The Fédération Française de Football Américain (FFFA), or the French Federation for American Football, is holding the national championship outside of Paris this Sunday June 27th (see invitation below).
The is the 16th edition, with activities planned from 1pm Saturday June 26 to 6pm Sunday June 27. The weekend will feature an American village and a raffle to win a trip for 2 to Miami to go to a Miami Hurricanes v. North Carolina Tar Heels football game at Miami Dolphins Sun Life Stadium.
It will be held at Stade Michel Hidalgo (2 Boulevard de l’Entente, 95210 Saint Gratien).
This is north of Paris on the RER C line (stop is Ermont-Eaubonne). Check out train schedules on the RATP website.
The schedule is as follows:
Saturday June 26
1-5pm: French Cheerleading and Cheerdancing Championship at the Halle des Sports du stade Michel Hidalgo
Sunday June 27
(5€ entry at door, 2€ for tickets in advance, free for under 18 with ID or FootJ2 max/Flag -18, Cheer -15)
11am: doors open for American village (classic cars, country dancing, American sports equipment sale, American food…)
12pm: Flag football finale for Ile de France (under 15 years old league)
2pm: Kick off of 16th “Casque de Diamant” football championship (with half-time show)
5:30pm: raffle for Miami trip
Sign-up form can be found here.
In the wake of the French government’s decision to increase the overall retirement age to 62 (from the current 60) over the course of the next 8 years, unions and leftists have come out yelling “unfair”. But they fail to realize just how important reform is for France’s future, if it is to ever balance its budget and have enough money to go around for the baby-boomer generation and future generations. Plus, France’s retirement age is among the lowest in Europe and the OECD countries, and the life expectancy has gone up so people are able to work longer.
One of the main debate points is whether or not retirement should be determined by number of years worked or a fixed age, no matter how long you have worked.
Those with “special regimes” such as many civil servants (“fonctionnaires”) weigh on the country’s collective financial resources, undermining the stability of my generation. To drive their point home, SNCF and others will be doing what they know best, going on strike, this Thursday June 24.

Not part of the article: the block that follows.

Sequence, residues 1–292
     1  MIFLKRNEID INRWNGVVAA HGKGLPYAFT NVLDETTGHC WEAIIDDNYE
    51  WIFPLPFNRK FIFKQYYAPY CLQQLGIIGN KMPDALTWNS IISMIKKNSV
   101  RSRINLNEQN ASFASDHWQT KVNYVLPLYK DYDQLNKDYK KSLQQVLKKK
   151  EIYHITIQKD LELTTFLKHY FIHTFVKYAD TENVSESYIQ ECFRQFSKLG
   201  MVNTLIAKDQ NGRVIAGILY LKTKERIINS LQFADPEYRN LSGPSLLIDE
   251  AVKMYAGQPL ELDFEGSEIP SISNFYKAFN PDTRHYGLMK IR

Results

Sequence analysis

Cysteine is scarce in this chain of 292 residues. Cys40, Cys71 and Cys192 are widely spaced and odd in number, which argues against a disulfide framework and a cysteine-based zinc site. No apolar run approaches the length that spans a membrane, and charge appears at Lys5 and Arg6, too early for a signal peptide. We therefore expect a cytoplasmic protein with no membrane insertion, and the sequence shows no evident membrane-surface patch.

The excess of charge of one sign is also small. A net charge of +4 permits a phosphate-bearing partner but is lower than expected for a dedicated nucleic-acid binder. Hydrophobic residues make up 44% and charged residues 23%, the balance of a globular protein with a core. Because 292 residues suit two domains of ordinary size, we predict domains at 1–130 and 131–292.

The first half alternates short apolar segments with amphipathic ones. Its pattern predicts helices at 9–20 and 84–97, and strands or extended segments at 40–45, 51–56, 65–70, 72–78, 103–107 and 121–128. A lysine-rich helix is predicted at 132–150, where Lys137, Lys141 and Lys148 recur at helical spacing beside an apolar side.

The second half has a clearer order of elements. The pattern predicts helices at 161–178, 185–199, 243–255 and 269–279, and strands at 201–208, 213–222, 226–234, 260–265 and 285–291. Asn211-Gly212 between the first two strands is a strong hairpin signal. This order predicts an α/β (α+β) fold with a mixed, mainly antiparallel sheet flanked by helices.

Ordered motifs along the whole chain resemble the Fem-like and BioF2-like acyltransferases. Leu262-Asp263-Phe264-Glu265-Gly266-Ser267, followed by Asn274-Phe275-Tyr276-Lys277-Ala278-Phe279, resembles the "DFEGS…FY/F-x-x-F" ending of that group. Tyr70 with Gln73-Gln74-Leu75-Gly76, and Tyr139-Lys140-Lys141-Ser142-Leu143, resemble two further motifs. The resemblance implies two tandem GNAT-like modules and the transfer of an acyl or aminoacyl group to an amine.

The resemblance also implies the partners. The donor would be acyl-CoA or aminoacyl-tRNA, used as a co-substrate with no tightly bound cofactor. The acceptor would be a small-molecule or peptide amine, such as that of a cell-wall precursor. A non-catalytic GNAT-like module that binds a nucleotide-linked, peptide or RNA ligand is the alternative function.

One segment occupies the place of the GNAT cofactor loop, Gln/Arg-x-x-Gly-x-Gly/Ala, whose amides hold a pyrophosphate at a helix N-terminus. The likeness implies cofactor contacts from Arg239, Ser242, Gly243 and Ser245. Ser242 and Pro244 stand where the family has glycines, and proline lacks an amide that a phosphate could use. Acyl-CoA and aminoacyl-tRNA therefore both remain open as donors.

Apparently by one account, 54% of French are opposed to the current reform proposals, with 45% being in favor of it.
The Economist published a couple articles talking about French reform and how though a good start, it is not going far enough. I agree and would be interested in hearing your feedback.
THE French government’s long-awaited pension reform, which was announced on June 16th, turns out to be at once symbolically bold and yet ultimately disappointing. Under a plan unveiled by Eric Woerth, the labour minister, France intends to raise the legal retirement age progressively from 60 to 62 by 2018. Since this alone will not meet the state pension-fund shortfall, the government will increase the top rate of income tax from 40% to 41% from next year, and tax capital gains, stock options and other financial income more heavily. It will also align civil servants’ pension contributions with those in the private sector by 2020. In all, the government thinks it can balance the pension fund, which currently has a €32 billion deficit, by 2018.
The symbolism of this change is clear. It was President François Mitterrand in the early 1980s who introduced retirement at 60 as a mark of progress, and it remains a totem for the left and the right. Martine Aubry, the Socialist Party leader, instantly called the government’s plan “irresponsible”, and says that the Socialists will reverse it if they are elected to power in 2012. Union leaders too have queued up to denounce the reforms. François Chérèque, one union boss, called it “a provocation”. A day of strikes and protests is planned for June 24th.